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You’re Accountable For Your Own Success

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You're Accountable For Your Own Success

In the changing world of work, you can future-proof your employability by banishing complacency and re-inventing yourself.

Whether you like it or not, the simple fact is that you won’t be part of your company’s staffing plans forever. Since no one is exempt from involuntary transitions, it’s important that you take steps to prepare for a transitioning workplace.

The key is to reframe your attitude so that you don’t fall behind. Recognize your advantages and limitations in terms of the value you add to your employer and where you need to improve on your personal skills. Then, take the following steps to manage your career success.

 

1. Take charge.

Be responsible for your own career development. Many large organizations have scaled back on training and development, and small companies can rarely provide significant support. Simply put, your career rests in one set of hands: yours. Update your skills by frequently attending courses or seminars, and in particular, keep up with everything related to the advances in technology that relate to your position.

 

2. Work with your company’s goals in mind.

Connect the dots from your role to your company’s vision and key objectives. How does your work align with the organization’s goals? What can you do to maximize your contributions? Repeatedly ask yourself, “What skills do I need to advance my position to the next level?”

 

3. Measure your performance.

It’s important to have a clear and organized list of your achievements, accompanied by quantitative proof of the value that you’re adding to your job. This means that you need to conduct an ongoing follow-up of your achievements. A good way to review your achievements is by using a system known as PAR: Problem, Action, and Result, which involves identifying the problem or opportunity that existed at a given point in time, explaining the action that was taken, and noting the results generated from this action.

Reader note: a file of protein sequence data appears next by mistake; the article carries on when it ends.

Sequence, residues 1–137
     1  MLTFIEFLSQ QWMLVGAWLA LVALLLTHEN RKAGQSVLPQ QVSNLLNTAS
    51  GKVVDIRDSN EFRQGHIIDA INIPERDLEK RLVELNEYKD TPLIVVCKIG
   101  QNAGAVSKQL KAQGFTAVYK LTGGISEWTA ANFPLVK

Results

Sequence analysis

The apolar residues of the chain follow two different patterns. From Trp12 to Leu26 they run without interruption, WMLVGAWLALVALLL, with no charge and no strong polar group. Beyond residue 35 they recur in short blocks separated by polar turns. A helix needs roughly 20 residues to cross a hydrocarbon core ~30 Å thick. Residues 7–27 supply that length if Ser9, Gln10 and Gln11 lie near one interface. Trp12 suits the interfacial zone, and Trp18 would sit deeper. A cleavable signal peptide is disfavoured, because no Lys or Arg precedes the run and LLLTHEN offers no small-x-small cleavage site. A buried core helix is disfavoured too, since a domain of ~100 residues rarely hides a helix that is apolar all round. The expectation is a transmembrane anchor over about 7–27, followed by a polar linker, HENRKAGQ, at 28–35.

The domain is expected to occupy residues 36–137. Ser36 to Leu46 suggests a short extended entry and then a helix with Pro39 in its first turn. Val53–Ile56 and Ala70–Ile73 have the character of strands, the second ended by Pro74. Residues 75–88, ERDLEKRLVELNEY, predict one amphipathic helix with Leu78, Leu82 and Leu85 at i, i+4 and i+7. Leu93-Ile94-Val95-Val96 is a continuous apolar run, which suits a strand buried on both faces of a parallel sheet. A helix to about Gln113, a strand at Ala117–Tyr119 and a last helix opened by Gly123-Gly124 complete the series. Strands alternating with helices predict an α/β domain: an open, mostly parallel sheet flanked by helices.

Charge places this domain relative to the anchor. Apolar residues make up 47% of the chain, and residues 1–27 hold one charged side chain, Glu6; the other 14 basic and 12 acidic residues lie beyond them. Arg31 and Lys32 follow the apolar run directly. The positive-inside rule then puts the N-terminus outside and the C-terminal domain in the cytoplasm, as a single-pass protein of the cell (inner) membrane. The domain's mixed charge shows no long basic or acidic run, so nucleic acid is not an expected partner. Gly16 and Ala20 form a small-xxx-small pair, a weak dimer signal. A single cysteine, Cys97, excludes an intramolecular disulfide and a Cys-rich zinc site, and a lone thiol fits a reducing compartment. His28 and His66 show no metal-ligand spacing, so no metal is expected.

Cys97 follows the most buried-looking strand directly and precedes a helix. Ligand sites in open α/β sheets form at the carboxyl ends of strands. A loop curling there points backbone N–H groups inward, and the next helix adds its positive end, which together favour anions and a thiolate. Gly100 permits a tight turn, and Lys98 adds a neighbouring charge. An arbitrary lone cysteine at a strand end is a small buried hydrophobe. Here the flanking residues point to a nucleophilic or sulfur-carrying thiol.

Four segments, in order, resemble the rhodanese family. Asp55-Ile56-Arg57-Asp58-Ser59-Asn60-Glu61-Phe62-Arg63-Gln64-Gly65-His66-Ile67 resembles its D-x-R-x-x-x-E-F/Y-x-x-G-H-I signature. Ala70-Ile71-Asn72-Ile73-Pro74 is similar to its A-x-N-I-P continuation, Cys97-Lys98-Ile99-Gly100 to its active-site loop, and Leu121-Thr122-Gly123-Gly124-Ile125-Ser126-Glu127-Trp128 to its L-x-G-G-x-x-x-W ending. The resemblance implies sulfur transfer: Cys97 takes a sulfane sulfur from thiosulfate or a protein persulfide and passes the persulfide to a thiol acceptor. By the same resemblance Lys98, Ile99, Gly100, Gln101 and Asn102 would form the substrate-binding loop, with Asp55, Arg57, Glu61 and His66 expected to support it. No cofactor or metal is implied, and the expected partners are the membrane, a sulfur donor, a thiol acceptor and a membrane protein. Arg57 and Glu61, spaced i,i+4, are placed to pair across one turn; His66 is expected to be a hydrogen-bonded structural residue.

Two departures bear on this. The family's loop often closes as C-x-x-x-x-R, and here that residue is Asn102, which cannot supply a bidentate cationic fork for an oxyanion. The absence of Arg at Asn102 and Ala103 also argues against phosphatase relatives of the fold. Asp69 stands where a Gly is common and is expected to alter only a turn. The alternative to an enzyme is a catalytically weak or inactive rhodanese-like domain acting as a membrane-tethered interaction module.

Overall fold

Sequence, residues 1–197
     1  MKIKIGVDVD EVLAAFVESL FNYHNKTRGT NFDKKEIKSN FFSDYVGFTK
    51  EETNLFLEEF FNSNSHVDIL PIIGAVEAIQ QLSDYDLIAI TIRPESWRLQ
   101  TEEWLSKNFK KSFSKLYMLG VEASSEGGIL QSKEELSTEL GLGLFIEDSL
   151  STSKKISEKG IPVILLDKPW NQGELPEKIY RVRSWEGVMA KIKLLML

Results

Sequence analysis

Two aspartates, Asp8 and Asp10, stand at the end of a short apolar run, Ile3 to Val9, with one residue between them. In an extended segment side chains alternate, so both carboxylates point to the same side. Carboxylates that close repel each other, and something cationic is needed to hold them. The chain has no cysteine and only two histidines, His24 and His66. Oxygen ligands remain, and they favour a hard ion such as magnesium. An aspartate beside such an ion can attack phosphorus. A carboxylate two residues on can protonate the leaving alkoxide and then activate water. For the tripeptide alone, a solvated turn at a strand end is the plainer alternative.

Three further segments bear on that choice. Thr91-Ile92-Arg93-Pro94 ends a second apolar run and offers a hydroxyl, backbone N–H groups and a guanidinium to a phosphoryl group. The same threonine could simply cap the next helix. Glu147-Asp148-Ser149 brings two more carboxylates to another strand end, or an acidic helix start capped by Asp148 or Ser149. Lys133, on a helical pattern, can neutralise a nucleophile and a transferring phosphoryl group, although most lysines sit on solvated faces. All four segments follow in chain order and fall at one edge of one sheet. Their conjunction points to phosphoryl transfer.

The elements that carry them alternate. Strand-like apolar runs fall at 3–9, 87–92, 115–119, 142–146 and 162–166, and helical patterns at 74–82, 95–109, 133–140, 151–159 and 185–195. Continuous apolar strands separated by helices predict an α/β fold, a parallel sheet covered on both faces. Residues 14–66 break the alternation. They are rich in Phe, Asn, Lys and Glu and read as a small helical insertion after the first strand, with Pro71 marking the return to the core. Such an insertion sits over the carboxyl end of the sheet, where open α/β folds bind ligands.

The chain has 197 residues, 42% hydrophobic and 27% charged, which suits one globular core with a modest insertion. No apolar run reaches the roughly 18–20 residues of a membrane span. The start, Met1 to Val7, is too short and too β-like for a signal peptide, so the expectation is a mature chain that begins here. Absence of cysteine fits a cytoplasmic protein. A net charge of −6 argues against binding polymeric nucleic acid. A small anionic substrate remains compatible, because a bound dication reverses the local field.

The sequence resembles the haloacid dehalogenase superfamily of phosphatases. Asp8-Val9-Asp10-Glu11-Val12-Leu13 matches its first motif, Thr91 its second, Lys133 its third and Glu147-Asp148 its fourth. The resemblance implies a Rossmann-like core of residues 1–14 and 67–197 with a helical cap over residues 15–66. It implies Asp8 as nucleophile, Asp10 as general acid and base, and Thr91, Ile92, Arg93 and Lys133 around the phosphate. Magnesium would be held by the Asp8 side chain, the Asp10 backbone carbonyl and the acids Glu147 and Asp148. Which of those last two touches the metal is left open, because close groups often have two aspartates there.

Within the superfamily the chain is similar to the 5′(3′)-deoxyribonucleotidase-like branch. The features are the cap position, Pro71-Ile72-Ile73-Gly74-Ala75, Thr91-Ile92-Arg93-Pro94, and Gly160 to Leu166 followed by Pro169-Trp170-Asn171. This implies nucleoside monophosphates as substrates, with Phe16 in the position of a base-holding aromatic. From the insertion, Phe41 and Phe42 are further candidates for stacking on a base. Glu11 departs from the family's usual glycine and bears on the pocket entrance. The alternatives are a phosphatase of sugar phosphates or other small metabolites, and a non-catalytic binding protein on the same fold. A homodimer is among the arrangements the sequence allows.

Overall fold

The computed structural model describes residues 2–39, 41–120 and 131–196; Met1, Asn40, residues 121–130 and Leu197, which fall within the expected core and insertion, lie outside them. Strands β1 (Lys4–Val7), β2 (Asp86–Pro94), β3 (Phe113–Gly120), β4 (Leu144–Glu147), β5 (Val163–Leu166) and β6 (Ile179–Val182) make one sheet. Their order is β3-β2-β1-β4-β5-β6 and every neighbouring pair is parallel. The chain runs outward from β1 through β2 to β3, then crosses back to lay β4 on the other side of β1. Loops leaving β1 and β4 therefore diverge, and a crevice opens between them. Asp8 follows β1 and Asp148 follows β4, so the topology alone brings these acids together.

4. Be customer-centric.

Whether your customers are internal or external, know their wants and needs, and be fervent about meeting them. Bring the voice of the customer into your day-to-day work and let it enhance your decisions and deliverables. Whatever your position within the company, see yourself as a provider of professional or qualified services.

 

5. Hone your communication skills.

Soft skills, including communicating well, matter. They can make or break careers. Pick one area that needs your attention — listening, presenting, influencing, persuading or distilling messages — and commit to improvement. Take a class, practice with a trusted friend or colleague, or join a group such as Toastmasters. When you communicate well, you show your intelligence, organization, and professionalism.

 

6. Expand your experience.

Volunteer for special projects or assignments that are outside your everyday role. Discuss your goals with your boss, an HR representative, or a senior leader, and ask for help in finding opportunities to broaden your experience base. When you find yourself confronted by new roles or new technology, repeat to yourself: “I’m ready to learn!”

 

7. Be strategic.

Have a long-term career strategy or, at the very least, a vision of where you’re headed. Ask yourself, “What do I really want to do?” or “Where do I see myself in five to ten years?” Seek people in similar roles and ask for advice. Set the course and follow-through on making steps to advance to your goal.

 

8. Network — now.

The best time to increase your network is today. Don’t wait until you’re suddenly laid off. Starting now, get involved in groups such as professional associations, charitable organizations or even sports leagues. Step into leadership roles and make your expertise known. Constantly develop and maintain genuine, long-term contact with people who know and appreciate you. Let these people know whenever you master a new skill or achieve a new level. Today, the majority of jobs are found through networking.

 

You are the head of the corporation that is you. Take 30 minutes each quarter to review how much progress you’ve made and to create new strategies. You will not only remain employable, but outside organizations will take notice of your drive and initiative, too, giving you options as you move forward toward your career goals.

Ines Temple is president of LHH DBM Peru and Chile, the leading career transition and talent-development organizations in both countries, and she has provided outplacement services and HR consulting to executives and other workers throughout the world. She has published over 800 articles and videos on topics such as the new world of work, personal branding and employability. Her book, You, Incorporated: Your Career Is Your Business (Usted S.A.), has been a top bestseller among business books in Peru since 2012 and is now available in English. Learn more at www.inestemple.com.

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